Centre for Applied Philosophy, Politics and Ethics, School of Humanities and Social Science, University of Brighton

Workshop: The Politics of Disability and Research Accessibility With Luke Beesley

This workshop will be run as a hybrid event, with colleagues able to ‘call in’ from home if that’s where they need to be. If you have any access requirements to attend (online or in person), please email Luke Beesley at l.s.beesley@brighton.ac.uk.

This workshop welcomes students and colleagues across the University of Brighton and will be hosted on Teams. Email cappe@brighton.ac.uk for joining code.

Monday 7th of February, 15.30-17.30, Grand Parade G2

Around 14% of all students in Britain identify themselves as disabled – a proportion which has been steadily rising each year. The number going on to postgraduate study, however, appears to have lagged stubbornly behind other oppressed groups. While critiques of racism, misogyny, heterosexism and religious bigotry have been adopted and expanded by numerous scholarly fields, analyses of disablism have largely been confined to either the peripheries of research programs or to the lesser-spotted Centres for Disability Studies. Likewise, while many scholars are aware of the need to make their public talks, conferences, and cultural events accessible to working class audiences, knowledge of disability access adaptations is almost entirely centralised in small Disabled Students Teams separate from research dissemination.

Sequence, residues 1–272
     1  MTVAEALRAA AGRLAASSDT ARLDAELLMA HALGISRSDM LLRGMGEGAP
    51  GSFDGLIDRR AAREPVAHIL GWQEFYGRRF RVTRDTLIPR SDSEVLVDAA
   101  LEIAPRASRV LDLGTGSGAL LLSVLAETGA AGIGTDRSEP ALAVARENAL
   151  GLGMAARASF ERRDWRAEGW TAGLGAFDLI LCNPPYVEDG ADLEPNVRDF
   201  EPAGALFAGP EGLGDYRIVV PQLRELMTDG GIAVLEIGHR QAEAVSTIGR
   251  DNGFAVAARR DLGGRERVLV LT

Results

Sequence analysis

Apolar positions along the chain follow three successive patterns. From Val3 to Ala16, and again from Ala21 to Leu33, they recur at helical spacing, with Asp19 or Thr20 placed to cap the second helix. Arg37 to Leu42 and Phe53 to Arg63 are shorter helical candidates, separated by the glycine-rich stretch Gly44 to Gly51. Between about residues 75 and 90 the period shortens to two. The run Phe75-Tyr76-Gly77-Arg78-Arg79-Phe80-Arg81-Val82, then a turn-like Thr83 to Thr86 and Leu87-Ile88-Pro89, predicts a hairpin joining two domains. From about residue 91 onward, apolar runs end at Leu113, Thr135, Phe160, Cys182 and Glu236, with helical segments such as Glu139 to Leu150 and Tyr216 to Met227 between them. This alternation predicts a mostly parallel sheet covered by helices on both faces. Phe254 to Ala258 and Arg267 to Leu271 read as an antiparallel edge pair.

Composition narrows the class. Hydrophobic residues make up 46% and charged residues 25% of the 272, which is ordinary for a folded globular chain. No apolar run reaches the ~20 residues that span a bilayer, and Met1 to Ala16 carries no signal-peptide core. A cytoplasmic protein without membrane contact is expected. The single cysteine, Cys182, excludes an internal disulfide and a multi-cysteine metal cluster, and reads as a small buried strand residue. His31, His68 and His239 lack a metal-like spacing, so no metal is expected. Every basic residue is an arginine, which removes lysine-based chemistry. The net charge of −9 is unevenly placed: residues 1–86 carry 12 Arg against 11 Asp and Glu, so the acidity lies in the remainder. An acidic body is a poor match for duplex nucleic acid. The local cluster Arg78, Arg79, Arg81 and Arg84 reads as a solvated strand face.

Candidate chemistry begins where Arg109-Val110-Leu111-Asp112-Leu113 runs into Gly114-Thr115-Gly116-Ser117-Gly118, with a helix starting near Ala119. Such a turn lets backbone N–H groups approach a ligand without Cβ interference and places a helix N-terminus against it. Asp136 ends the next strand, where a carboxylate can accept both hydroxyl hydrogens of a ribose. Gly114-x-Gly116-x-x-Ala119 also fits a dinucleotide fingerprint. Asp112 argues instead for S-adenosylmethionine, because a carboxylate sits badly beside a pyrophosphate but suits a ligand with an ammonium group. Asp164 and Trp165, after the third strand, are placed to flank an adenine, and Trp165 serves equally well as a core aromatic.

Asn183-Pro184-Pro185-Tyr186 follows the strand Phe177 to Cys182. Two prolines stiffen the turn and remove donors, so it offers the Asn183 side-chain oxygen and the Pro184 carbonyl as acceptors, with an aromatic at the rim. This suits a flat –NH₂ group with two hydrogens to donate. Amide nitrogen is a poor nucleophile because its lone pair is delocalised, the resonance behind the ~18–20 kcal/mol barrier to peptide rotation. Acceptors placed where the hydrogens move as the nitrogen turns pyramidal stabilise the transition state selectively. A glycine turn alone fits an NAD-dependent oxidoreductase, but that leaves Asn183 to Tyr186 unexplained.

The purpose of this workshop is twofold: to give scholars at CAPPE and sister Centres a brief introduction to the politics of disablement in Britain; and to give an overview of best accessibility practice in running our public events. Beginning with the socio-ontological analyses of disablement arising from self-organised groups of disabled people, I indicate the scope of political ‘readings’ of disablement available to political analysts and theorists using this tradition. In the second part of the workshop, I show how fairly simple adaptations to a research centre or departments ‘front facing’ activities can significantly reduce barriers to disabled academics or lay(wo)men engaging with our research outputs – and demonstrate where the pooling of resources and knowledge between research centres can help make adaptations flexible and sustainable.  Building on work undertaken by the Greater Manchester Coalition of Disabled People, this part of the workshop focusses on how access needs can be addressed in real life, online, and hybrid settings to make our practices open to as many people as possible during this stage of the pandemic.

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